When I interviewed the co-chairs of Makersfest for St. Augustine Social, Kate Gardiner mentioned the ever popular button making station and the satisfaction that comes from clamping down the button press while customizing designs. The day’s currency were pre-purchased sheets of perforated tickets. My last three were spent on customized buttons/pins: one of an observatory under a waxing moon, one of a mountainscape with fall foliage in the foreground, and one of an old military barracks here in St. Augustine. I think I’ll interchangeably pin them to the satchel I can’t seem to part with regardless of where I’m going.
Between that satchel, my Patagonia shirt, and Birkenstock’s...I’d say my transformation into a Canadian soccer dad is almost complete, lol. Did I mention I drive a Subaru?
What follows appeared in St. Augustine Social’s Dec/Jan Issue:
Do you know someone with a side hustle? These days, more and more of us need them just to keep up with basic expenses. For St. Augustinians at large, these supplemental income streams are born of artistic passion and a love of handiwork.
Our city has no shortage of artisans with a knack for fashioning hand-made products characterized by their charming character. These are some of the folks Kate Gardiner and Stephanie Massey had in mind when they decided to shine a light on the "makers" movement that has swept the cultural scene. Kate and Stephanie are co-chairs of this year's Makers Fest, which will be held on December 9th. When the event was introduced in 2016, it was an innovative way to raise funds for the St. Augustine Public Montessori School. Anyone can throw together a bake sale, but organizers sought to engage in a“celebration of community and artisan making,” as Kate puts it. Makers Fest is one of the only event of its kind and scope happening in northeast Florida.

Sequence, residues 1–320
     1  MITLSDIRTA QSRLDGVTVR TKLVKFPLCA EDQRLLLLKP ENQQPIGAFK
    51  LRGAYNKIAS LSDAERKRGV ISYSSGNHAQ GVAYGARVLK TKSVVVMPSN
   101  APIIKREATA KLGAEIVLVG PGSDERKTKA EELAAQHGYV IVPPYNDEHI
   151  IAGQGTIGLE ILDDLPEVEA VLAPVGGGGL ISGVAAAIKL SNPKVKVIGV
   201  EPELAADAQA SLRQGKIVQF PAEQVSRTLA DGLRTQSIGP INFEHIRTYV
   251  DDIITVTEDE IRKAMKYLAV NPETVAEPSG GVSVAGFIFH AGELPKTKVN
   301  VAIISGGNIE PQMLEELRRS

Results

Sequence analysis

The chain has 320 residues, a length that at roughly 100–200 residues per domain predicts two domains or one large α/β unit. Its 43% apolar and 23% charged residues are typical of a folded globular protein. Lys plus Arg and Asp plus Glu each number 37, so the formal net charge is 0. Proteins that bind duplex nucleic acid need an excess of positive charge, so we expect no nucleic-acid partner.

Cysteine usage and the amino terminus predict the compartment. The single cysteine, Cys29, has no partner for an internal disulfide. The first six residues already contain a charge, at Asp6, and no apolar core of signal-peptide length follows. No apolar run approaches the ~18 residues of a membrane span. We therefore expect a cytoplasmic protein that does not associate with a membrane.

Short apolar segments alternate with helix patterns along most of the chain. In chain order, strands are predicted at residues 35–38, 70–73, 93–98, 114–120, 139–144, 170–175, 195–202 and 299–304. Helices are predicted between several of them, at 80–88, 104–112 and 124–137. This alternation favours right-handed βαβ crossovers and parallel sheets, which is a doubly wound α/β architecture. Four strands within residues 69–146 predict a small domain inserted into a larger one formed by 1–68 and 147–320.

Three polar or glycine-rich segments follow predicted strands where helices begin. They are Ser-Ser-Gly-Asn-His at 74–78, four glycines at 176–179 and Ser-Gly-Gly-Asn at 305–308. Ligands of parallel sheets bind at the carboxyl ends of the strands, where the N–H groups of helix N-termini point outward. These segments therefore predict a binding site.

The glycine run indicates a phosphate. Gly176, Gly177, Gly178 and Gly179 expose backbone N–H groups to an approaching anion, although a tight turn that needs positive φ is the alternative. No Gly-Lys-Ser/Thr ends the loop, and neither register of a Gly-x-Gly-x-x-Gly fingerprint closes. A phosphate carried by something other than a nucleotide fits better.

Attendees will be in for an experience in line with the Montessori method, which was developed by Maria Montessori – one of Italy's first female physicians. She proved that children contending with severe ailments could learn and thrive educationally when taught using techniques that foster practical skill development and hands-on activities. “It’s all learning through doing, using your hands...You learn to take care of yourself, the environment, your friends,” explains school director Ann Johnson, affectionately known as “Miss J.”
Makers Fest will encourage families to enjoy the outdoors without breaking the bank. This year's scheduled activities generally cost no more than ten dollars each. The St. Augustine Amphitheatre will host the festival, which will be divided into three "worlds" – textile, paper, and nature. And all ages will be kept in mind. Adults can do specialized workshops at "tall tables" while the little ones make buttons and stay well fed with the help of vendors like Pita Pocket and Mayday Ice-Cream. Registering for workshops in advance will help you get the most out of the day. At them, you'll have a chance to make some time-tested favorites like beeswax food covers, pebble dominoes, and embroidered notebooks. Prepare to have childhood memories rekindled as you break out glue, glitter, paint, and the like. You might even come away with a renewed zest for a craft you didn't know you had an aptitude for. Of course, this festival wouldn’t be complete without live music. So local favorites like Amy Hendrickson, Salt & Pine, Katy Schirard, Kensley Stewart, The Bridge Street Vibe, and Chemtrails are scheduled to take the stage.
The Fest is a celebration of local artistic passion. Bringing together artisans and craftsmen with the locals that love them, St. Augustinians can step out in December and join in the creative fervor that's sweeping the city.
See you on the 9th!